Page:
Ayesha Hazarika: One Muslim's guide to a Merry Christmas

Christmas is always a tricky time of year for my family. Being Muslim, we don't really feel we should celebrate Christmas. But being Indian, we feel we need to have the biggest, blingiest tree going.

Muslim women take a selfie in front of the Christian manger in front of the Church of the Nativity in Bethlehem. Picture: AFP/Getty
Muslim women take a selfie in front of the Christian manger in front of the Church of the Nativity in Bethlehem. Picture: AFP/Getty

I have a love-hate relationship with Christmas. And so do a lot of us.

It’s the relentless pressure that starts building from Guy Fawkes’ night. The non-stop bombarding of images of the perfect Christmas, the perfect relationships, families and, of course, so much money to splash about on the finest and most lavish of gifts.

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It’s become a festival of shopping and consumerism and that’s just my family. I genuinely believe that if you stopped buying presents for anyone over the age of ten, Christmas would turn into a much more magical occasion.

Besides, let’s get real, presents are always such a major disappointment. Everyone is rubbish at present shopping. It’s just a fact.

People mean well but it always ends in a rictus smile with the words “I erm … really like it … no honestly …” which is code for “have you got the gift receipt?”

I’ve had some corkers. The best was when I got a darts board. Yes. A darts board.

And it wasn’t even a real one. It was a safety one made out of stickle-brick. Mega square. I had been hoping for a Sindy House. You can imagine my disappointment. I too fess up to being awful at shopping.

I have a gender fluid approach to Christmas shopping which means heading into Glasgow city centre on Christmas Eve with no clue what I’m going to buy and organising drinks with old school friends in Sloans and then doing a supermarket sweep in Boots and hoping that everyone I love is really into exfoliating. They’re not.

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And then there’s the hauling everything home only to give it away to charity shops. I once had to pay £150 in excess luggage to get my unwanted gifts back to London to then get rid of them.

Shopping for grown-ups is a waste of time, money and energy. Everyone stopping this ludicrous activity would seriously help close our productivity gap. Yes. And a merry Christmas to you too. Can you tell I’m in a festive mood?

Despite having a terrible cold, I am actually warming to Christmas mainly thanks to two activities.

The first was a trip to the cinema to see It’s a Wonderful Life which I had never seen before. All the hype around the film had put me off but it exceeds all my expectations and there was something really magical about going to the cinema on a Sunday morning.

All the clichés about the film are true but it has a relevance in these times more than ever. It really is a ‘wonderful life’ affirming film about the things that really count – friends, family and community.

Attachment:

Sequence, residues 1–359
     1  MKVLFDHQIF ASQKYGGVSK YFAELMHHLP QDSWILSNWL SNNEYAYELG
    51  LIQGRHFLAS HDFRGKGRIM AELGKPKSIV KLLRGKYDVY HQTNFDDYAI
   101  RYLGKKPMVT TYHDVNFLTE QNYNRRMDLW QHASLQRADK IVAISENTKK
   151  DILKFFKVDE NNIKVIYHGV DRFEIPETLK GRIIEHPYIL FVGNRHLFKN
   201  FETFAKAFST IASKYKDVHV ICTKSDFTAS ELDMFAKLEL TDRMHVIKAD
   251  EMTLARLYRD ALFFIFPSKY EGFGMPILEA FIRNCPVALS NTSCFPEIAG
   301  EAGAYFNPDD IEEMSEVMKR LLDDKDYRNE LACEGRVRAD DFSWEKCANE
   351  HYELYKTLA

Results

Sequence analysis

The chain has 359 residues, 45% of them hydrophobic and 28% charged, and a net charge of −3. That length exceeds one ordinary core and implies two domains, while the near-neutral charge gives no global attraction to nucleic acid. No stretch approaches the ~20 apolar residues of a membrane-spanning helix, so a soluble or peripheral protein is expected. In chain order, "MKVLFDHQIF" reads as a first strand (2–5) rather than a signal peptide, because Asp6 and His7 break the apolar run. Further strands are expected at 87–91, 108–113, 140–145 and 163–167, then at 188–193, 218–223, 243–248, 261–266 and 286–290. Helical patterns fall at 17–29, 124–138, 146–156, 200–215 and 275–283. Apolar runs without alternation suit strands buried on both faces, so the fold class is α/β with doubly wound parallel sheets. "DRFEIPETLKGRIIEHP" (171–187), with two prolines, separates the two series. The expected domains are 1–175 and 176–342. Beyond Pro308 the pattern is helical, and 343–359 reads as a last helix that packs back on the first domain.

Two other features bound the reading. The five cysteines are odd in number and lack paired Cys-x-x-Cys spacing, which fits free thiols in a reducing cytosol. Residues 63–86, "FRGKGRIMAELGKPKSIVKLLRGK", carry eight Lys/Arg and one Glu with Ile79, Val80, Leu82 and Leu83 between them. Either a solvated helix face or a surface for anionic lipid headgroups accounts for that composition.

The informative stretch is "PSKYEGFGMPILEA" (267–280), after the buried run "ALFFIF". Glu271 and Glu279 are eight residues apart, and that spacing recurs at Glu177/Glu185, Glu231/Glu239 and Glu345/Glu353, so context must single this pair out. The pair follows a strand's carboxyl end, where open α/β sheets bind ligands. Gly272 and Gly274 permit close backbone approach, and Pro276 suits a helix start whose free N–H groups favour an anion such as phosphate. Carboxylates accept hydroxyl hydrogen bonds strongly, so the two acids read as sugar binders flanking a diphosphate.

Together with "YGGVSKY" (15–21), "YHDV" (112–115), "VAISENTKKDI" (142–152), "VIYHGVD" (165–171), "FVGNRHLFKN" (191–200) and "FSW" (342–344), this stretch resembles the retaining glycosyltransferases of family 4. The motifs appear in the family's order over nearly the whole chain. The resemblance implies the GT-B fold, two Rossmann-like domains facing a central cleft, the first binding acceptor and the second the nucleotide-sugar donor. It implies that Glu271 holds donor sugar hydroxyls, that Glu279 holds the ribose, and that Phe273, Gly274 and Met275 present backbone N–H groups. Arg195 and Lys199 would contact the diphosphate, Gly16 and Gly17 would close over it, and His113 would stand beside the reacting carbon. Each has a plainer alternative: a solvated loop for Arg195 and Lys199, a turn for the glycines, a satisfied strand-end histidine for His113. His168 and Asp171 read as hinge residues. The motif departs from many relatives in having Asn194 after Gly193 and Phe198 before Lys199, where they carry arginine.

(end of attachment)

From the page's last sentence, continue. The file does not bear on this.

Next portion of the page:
It’s a film about why your life really does matter, no matter how small and insignificant you feel.

Times are hard for people financially and emotionally. At a time when there is so much pressure on families, if things are difficult because of money or family breakdown, it can make people feel incredibly worthless.

We all know that depression soars at this time of year and loneliness is a growing epidemic in our society. Jo Cox started a piece of work into loneliness before she was killed which Labour MP Rachel Reeves and Tory MP Seema Kennedy completed and it was published last week.

The figures are stark. Over nine million adults are always lonely. For 3.6 million people aged over 65, television is the main form of company and more than one in ten men say that they are lonely but would not admit to anyone.

What we all know is that spending time with people rather than giving them stuff is the best gift. As annoying as your family – and you as a human – can be, I defy anyone to watch It’s A Wonderful Life and not want to make sure you hug your loved ones close.

Everyone should be made to watch that film around December 20 and then make an effort to speak to their neighbours.

There is one other activity which always does wonders to lift the soul – and that is a spot of carol singing.

As someone who is from a Muslim background and not particularly religious, there is nothing more fun than going to a lovely candle-lit church and singing your heart out.

I sometimes feel a bit po-faced about religion and why it matters to people until I find myself having a near-religious experience belting out Oh Come All Ye Faithful, especially that last verse when the choir and the big organ kicks in.

There is something magical about people coming together and singing. It’s a bit like posh, sober karaoke to be honest but there is nothing nicer. I remember fondly going to midnight mass with my brother’s in-laws who could not be more different to me politically, culturally or religiously, but we would have the best time and bond especially over the post-show mulled wine and mince pies.

If that’s not the spirit of Christmas, then I don’t know what is.